Modern Homosexualities: Fragments of Lesbian and Gay Experience
Routledge | 1992 | ISBN: 0415064201 | Pages: 304 | PDF | 1.14 MB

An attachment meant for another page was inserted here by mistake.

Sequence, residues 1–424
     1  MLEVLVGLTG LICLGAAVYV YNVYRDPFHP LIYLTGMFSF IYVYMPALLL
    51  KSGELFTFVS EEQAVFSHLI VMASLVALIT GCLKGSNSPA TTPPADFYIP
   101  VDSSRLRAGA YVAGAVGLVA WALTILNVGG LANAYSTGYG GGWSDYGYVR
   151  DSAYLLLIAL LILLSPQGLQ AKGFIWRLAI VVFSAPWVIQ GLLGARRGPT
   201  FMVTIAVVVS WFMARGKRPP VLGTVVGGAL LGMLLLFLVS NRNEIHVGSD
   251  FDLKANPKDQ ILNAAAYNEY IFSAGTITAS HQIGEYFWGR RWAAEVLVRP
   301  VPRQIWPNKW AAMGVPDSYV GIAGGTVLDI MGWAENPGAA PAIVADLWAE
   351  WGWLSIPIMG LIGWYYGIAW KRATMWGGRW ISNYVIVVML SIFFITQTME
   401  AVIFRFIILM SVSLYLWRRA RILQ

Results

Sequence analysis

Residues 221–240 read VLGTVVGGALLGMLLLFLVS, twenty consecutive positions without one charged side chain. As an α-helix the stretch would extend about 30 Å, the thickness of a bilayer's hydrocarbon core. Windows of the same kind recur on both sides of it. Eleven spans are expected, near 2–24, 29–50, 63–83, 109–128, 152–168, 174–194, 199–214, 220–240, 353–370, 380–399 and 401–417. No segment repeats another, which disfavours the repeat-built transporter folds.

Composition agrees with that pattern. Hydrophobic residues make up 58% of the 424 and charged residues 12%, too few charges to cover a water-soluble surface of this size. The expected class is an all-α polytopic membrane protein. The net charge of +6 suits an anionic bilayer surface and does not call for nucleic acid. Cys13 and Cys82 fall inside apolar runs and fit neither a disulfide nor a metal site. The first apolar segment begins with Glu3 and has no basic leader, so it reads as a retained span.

Homosexuality is not what it used to be. When the modern lesbian and gay movements erupted on the world-wide cultural and political stage during the early 1970s few could have seen the enormous ramifications. For although homosexuality still has its critics and its enemies, the modern lesbian and gay community has proliferated into distinctive ways of living together, of relating sexually, of responding to AIDS, of establishing identities and communities, and of being political. This book documents some of this rich and developing experience. The book presents "fragments" of an experience that has become remarkably diverse. In nineteen original essays from activists and social scientists in eight countries, this diversity is charted. It is a unique collection which draws together essays on a wide range of experience. The book explores the emergence of new communities and identites and the impact of AIDS on these communities. A major section examines the development and recognition of new patterns of "families of choice" such as the Danish experiment on "registered partnerships", the Australian immigration definition of lesbian and gay couples, the debate over lesbian motherhood, the issue of "mixed marriages" where one partner is gay, and the new friendship networks amongst many lesbians and gay men which have themselves become "new families". There are discussions of the creation of new patterns of sexualities among lesbians; and the rise of a renewed political campaigning in the face of a "backlash". While the focus of the book is the distinctive modern experiences found in western countries such as Australia, Denmark, England, the Netherlands, Canada and the USA, there are essays on Turkey and Mesoamerica which help create a baseline for comparative studies. Gay and lesbian studies is a vibrant new area of inquiry, and a major opening essay situates this development. This book will be required reading for lesbian and gay scholars, continuing as it does the task of developing a critical, interpretive and humanistic social studies around same sex experience. It will be a landmark in consolidating past debates and suggesting pathways to the future.
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